Since the Delta variant became predominant in the United States on July 7, both scientists and the media alike have been full of mixed messages ("breakthrough infections rare"; "breakthrough infections common"; "vaccines still work"; "vaccines losing their effectiveness") but – if we remember our infectious diseases history- one thing remains clear: immunity is the only way to get through a pandemic.
What Happened in the Past
The 1918 influenza pandemic was far the deadliest respiratory virus pandemic recorded in recent human history with over 50 million deaths (maybe even 100 million deaths, or 3% of the world's population) worldwide. Although they used some of the same measures we are using now (masks, distancing, event closures, as neither testing nor a vaccine existed back then), the deaths slowed only after enough of the population had either acquired immunity through natural infection or died. Indeed, the first influenza vaccine was not developed until 1942, more than 20 years later. As judged by the amount of suffering and death from 1918 influenza (and the deadly Delta surge in India in spring 2021), natural immunity is obviously a terrible way to get through a pandemic.
Similarly, measles was a highly transmissible respiratory virus that led to high levels of immunity among adults who were invariably exposed as children. However, measles led to deaths each year among the nonimmune until a vaccine was developed in 1963, largely restricting current measles outbreaks in the U.S. now to populations who decline to vaccinate. Smallpox also led to high levels of immunity through natural infection, which was often fatal. That's why unleashing smallpox on a largely nonimmune population in the New World was so deadly. Only an effective vaccine – and its administration worldwide, including among populations who declined smallpox vaccine at first via mandates – could control and then eventually eradicate smallpox from Earth.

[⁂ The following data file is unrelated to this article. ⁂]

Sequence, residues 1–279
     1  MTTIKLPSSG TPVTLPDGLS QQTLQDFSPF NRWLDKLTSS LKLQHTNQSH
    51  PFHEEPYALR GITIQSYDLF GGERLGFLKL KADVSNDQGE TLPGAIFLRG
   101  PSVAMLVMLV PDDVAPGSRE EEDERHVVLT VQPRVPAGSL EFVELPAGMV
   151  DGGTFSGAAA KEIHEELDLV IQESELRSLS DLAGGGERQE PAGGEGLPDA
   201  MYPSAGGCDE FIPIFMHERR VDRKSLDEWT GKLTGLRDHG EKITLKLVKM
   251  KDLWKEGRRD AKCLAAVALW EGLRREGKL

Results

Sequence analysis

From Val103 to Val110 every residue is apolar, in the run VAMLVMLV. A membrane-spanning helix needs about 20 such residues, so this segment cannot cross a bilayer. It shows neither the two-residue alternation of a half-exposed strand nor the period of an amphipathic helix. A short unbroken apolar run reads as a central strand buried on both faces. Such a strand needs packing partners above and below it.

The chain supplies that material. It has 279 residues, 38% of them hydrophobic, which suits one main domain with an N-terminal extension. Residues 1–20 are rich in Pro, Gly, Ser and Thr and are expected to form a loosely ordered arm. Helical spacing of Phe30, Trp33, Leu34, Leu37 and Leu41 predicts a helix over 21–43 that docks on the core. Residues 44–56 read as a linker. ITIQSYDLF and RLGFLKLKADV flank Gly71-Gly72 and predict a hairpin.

Fully vaccinated people are already now able to generate some antibodies against all the variants we know of to date, thanks to their bank of memory B cells.
The Delta variant is extremely transmissible, making it unlikely we will ever eliminate or eradicate SARS-CoV-2. Even Australia, which had tried to maintain a COVID-zero nation with masks, distancing, lockdowns, testing and contact tracing before and during the vaccines, ended a strategy aimed at eliminating COVID-19 this week. But, luckily, since highly effective and safe vaccines were developed for COVID-19 less than a year after its advent on a nonimmune population and since vaccines are retaining their effectiveness against severe disease, we have a safe way out of the misery of this pandemic: more and more immunity. "Defanging" SARS-CoV-2 and stripping it of its ability to cause severe disease through immunity will relegate it to the fate of the other four circulating cold-causing coronaviruses, an inconvenience but not a world-stopper.
Immunity Is More Than Antibodies